This is the region which is being investigated. (The reactants and the products.)
This is everything that is affected by the chemical reaction. (The rest of the universe.)
- A reaction that gives out heat to the surroundings is EXOTHERMIC
- A reaction that takes in heat from the surroundings is ENDOTHERMIC
Enthalpy Change (∆H)
This is the heat energy change measured under conditions of constant heat and pressure.
If trying to work out the ∆H from a graph; ∆H = H2 – H1
This is a stoichiometric equation which includes the states of the reactants and products, and a value for the enthalpy change of the forward reaction.
This is a method of measuring the enthalpy change of a reaction by considering temperature changes in the immediate surroundings of the chemical reaction.
This is an insulated vessel which is used for measuring the amount of energy released/ absorbed during a chemical/ physical change.
Amount of heat transferred = Mass of the substance × Specific Heat Capacity × Temperature Change
q = mc∆T
Enthalpy Change = ± (Endothermic/Exothermic) Amount of heat transferred ÷ Amount of substance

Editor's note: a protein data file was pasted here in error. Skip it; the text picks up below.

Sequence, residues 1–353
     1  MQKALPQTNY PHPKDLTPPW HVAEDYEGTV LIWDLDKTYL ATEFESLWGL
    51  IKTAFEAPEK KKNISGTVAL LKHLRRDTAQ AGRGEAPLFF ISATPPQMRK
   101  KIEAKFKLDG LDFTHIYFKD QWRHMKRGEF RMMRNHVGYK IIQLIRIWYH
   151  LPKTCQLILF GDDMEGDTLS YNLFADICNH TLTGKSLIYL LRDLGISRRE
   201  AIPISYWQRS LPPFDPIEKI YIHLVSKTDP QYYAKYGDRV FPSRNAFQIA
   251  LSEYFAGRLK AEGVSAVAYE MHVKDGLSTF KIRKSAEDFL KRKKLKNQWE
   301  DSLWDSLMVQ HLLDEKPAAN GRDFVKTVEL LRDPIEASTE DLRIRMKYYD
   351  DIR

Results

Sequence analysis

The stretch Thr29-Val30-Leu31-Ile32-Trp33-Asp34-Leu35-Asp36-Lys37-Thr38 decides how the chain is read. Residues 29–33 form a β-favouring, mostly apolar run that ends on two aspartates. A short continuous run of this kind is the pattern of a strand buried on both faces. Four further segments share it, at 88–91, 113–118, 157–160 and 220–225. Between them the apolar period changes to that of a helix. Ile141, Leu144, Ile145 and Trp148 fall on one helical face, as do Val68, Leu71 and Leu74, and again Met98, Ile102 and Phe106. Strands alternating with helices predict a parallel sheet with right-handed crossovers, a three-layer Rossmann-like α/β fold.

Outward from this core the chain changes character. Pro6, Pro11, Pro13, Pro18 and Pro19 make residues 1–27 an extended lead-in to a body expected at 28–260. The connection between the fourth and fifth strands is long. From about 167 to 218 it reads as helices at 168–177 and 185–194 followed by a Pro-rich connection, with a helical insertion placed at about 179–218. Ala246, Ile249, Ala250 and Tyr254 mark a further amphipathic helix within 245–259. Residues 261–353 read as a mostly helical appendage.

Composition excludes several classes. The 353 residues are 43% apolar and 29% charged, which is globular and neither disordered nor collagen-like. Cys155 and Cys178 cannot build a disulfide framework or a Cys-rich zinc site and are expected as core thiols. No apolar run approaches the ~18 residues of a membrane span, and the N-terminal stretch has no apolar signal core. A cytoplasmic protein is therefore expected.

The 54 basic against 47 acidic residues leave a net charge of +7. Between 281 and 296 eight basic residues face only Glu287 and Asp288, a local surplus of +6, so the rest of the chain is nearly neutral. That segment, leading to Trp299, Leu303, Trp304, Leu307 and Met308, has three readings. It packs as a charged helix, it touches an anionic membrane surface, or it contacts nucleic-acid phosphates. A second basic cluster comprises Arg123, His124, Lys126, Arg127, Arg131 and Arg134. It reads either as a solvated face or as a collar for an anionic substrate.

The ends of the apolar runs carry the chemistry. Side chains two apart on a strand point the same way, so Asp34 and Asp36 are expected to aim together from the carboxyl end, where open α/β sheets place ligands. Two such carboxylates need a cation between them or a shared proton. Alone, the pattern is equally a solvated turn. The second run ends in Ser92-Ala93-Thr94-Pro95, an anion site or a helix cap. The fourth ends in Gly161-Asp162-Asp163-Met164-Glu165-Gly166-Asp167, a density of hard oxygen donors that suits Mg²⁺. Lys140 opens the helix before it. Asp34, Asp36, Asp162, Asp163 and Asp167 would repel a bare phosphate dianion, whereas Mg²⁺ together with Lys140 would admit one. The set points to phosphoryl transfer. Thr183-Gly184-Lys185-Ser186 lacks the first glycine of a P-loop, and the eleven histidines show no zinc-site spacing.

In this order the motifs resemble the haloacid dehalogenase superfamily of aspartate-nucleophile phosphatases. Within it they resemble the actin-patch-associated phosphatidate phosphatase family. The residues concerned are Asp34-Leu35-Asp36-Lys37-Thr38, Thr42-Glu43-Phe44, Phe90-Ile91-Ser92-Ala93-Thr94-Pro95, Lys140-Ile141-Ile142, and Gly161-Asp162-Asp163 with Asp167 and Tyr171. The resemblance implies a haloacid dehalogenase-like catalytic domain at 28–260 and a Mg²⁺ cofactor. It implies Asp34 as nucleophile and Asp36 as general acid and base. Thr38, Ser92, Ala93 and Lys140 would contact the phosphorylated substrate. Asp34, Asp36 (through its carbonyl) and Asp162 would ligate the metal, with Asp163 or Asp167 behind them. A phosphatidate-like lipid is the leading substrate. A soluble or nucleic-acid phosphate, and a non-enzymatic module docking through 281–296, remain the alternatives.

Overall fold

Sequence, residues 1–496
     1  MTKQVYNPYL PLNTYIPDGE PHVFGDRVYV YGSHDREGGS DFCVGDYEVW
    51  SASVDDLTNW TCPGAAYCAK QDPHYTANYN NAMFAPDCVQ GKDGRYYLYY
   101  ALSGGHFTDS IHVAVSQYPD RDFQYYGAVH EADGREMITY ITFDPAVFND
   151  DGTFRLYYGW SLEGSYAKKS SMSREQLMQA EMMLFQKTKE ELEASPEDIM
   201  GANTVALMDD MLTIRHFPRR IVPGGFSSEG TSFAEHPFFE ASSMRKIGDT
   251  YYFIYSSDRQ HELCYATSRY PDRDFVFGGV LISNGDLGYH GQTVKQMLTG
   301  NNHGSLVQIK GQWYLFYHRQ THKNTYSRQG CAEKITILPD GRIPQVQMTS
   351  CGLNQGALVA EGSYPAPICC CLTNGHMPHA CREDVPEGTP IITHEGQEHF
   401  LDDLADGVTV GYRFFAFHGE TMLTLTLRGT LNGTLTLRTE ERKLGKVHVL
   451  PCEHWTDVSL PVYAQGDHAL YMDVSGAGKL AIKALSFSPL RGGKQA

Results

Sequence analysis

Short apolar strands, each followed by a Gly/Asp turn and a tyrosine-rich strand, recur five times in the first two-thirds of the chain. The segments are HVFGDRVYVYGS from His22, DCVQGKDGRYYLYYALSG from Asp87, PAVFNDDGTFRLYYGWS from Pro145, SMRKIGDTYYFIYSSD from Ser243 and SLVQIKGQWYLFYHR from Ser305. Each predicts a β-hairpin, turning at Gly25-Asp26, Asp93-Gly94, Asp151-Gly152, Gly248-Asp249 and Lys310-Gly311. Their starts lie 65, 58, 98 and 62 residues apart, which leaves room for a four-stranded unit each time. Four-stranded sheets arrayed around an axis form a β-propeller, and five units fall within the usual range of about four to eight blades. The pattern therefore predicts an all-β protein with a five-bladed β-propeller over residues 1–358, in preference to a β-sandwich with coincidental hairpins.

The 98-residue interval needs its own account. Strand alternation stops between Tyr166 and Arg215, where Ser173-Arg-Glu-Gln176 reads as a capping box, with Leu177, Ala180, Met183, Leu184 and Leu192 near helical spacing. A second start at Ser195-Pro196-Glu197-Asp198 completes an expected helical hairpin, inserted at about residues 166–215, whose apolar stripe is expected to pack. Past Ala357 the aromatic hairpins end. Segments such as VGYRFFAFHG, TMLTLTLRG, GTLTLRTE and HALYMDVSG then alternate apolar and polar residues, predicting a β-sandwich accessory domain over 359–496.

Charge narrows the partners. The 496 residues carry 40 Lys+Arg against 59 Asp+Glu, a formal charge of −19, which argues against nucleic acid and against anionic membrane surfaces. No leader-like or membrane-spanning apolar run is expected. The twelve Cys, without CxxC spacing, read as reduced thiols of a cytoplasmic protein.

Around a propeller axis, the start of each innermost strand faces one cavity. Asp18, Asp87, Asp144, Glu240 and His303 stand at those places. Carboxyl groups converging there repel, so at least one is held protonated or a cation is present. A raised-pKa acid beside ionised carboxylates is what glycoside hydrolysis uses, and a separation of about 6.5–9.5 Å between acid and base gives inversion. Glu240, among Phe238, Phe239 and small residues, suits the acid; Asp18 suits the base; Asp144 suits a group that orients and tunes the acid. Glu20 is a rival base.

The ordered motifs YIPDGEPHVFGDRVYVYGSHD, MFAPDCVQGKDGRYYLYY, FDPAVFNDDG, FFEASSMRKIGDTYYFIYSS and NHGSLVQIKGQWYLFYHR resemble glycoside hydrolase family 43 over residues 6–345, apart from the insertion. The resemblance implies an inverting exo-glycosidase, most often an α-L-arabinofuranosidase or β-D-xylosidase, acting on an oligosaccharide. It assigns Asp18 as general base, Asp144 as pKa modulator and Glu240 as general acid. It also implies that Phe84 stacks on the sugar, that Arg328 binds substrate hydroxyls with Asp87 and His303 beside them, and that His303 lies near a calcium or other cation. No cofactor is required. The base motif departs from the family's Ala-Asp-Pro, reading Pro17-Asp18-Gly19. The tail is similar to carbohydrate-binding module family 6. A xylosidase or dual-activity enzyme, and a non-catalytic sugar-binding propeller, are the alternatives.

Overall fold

∆H = ± q / n
Calculate the heat capacity of the Calorimeter;
c = n∆H / ∆T
q = c∆T
The overall enthalpy change is independent upon the route taken.
Enthalpy of Formation
The enthalpy change when one mole of a compound is formed under its constituent elements under standard conditions, all reactants and products in their standard states.
∆Hr = Σ∆Hθf (Products) - Σ∆Hθf (Reactants)
Enthalpy of Combustion
The enthalpy change when one mole of a compound is completely burned in oxygen under standard conditions, all reactants and products in their standard states.
∆Hr = Σ∆Hθc (Reactants) - Σ∆Hθc (Products)
Mean Bond Enthalpy
This is the amount of energy needed to break 1 particular covalent bond averaged over several compounds.
∆Hr = ΣE(Bonds Broken) - ΣE(Bonds Formed)
This is the end of the topic!
Drafted by Cherry (Chemistry)